Employee recognition and rewards are essential to creating a work environment where employees feel the organization values their contributions. Recognition and rewards programs are instrumental in employee retention. The reasons employees give for seeking employment elsewhere are often not related to compensation and benefits, but to factors such as recognition and motivation. An employee reward system can fulfill employees’ intrinsic need to receive recognition for their work.
Obtain information about existing employee recognition and rewards programs. Evaluate existing recognition strategy for efficacy and note points that are particularly useful in creating a new system for employee recognition. Conduct research on employee recognition trends, theories concerning employee motivation and employer practices for rewarding employees.
Study the difference between recognition and rewards. Employee recognition programs are usually based on nonmonetary ways to acknowledge employee performance. Recognition has more to do with utilizing employee skills and qualifications to improve organizational performance and productivity. Employee recognition is akin to employee motivation -- it encourages job satisfaction, engagement and productivity. Rewards programs, on the other hand, use monetary and financial-based incentives to compensate employees for performance. An accumulated points reward system can be a hybrid program that combines both employee motivation tools, as well as monetary incentives.
Construct a draft scenario for employees to accumulate points for certain work-related activities. List workplace activities that employees currently receive recognition for, such as perfect attendance, meeting sales and performance goals, and maintaining injury-free workdays and workplace safety. Expand the list of criteria for earning points. This potentially increases the number of employees who can participate and those who are eligible for points and rewards.
Review individual job descriptions for additional criteria based on employee duties and responsibilities. Be careful not to design a program that rewards employees for meeting the minimal job expectations, however. The point is to reward employees for outstanding performance and behavior -- not simply doing the job they were hired to do.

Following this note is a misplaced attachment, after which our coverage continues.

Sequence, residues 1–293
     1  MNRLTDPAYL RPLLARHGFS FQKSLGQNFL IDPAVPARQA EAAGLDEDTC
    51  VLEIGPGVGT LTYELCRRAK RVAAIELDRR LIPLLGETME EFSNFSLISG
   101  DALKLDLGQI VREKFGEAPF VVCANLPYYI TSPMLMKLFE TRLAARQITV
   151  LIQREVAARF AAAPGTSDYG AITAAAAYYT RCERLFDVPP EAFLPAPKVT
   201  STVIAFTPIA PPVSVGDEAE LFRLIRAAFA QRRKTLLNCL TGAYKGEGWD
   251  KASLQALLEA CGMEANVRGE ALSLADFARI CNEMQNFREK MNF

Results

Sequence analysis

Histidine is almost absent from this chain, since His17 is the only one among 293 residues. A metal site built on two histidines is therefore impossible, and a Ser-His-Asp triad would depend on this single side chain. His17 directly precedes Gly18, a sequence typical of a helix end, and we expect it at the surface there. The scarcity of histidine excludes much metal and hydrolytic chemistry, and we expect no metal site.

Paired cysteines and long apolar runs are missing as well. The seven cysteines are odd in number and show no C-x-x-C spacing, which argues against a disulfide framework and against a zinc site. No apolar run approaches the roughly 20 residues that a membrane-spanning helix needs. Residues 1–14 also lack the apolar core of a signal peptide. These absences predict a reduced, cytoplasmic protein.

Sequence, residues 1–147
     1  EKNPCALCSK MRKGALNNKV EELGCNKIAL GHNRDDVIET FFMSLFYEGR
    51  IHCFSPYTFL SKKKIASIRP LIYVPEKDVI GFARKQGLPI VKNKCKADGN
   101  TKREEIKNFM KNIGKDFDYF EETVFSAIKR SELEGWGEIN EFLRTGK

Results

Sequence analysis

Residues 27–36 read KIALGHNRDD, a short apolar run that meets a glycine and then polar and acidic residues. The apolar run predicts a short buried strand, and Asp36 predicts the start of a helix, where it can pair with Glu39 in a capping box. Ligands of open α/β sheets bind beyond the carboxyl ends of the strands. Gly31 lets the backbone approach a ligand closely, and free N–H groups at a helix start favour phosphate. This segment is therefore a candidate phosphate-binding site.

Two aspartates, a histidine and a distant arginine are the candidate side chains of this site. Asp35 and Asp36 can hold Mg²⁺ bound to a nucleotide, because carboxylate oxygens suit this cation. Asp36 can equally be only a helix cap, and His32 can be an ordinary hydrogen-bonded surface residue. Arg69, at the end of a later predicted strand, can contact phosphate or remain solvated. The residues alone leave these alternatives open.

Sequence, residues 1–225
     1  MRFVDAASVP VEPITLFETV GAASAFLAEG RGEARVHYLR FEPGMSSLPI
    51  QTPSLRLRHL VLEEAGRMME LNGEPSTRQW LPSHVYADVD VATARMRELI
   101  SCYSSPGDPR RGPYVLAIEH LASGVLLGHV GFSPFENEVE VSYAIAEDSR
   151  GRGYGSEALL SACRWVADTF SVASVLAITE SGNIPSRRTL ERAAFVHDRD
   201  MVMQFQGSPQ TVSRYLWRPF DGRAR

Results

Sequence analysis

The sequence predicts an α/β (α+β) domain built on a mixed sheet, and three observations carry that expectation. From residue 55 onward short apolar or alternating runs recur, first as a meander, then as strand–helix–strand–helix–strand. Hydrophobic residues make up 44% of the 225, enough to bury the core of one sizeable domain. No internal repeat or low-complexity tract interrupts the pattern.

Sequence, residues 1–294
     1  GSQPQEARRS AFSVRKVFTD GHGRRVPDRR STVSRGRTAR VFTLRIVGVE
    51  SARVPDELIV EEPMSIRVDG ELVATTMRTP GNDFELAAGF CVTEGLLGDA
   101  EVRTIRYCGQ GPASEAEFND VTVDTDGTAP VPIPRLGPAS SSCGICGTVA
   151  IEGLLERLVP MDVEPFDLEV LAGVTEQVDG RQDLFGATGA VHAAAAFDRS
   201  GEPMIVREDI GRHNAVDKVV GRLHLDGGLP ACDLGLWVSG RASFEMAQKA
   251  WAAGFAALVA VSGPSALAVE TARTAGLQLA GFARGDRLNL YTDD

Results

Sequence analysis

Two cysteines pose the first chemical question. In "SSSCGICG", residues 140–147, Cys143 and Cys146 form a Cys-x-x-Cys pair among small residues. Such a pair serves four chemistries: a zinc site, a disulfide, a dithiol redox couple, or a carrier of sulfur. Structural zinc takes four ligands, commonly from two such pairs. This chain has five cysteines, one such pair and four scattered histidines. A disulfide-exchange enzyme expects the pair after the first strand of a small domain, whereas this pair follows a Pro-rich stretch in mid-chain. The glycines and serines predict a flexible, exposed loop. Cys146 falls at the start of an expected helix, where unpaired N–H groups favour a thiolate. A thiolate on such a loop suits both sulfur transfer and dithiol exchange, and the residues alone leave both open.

Look at performance management system documents to determine if your organization has a peer assessment component. Use peer evaluations as a means for earning points. In this scenario, employees who receive commendations from their peers earn points based on their co-workers’ peer evaluation.
Devise an employee nomination process if your company doesn’t currently have a peer evaluation process as part of its overall performance management system. Employees submit brief statements about their co-workers’ performance. Human resources staff review the nominations and award a certain number of points for each nomination. To be fair, employees who complete nomination forms should also receive points for supporting a collegial work environment.
Construct a list of rewards for corresponding points. For example, employees who earn a specific number of points may be eligible for one day of personal leave or a $25 gift card or even a designated parking spot for a specific period. If your workplace has a gift shop -- like in a hotel or hospital -- consider the ability to redeem points for a gift shop spending spree or for a paid lunch if you have an on-site cafeteria.
Draft an employee communication about how the points and rewards work. Prepare a cheat sheet that contains a list of employee activities and the value of points for each reward. Announce the date on which you intend to launch the system and create fanfare to celebrate the new system of recognizing employees and to inspire enthusiasm throughout the workplace.
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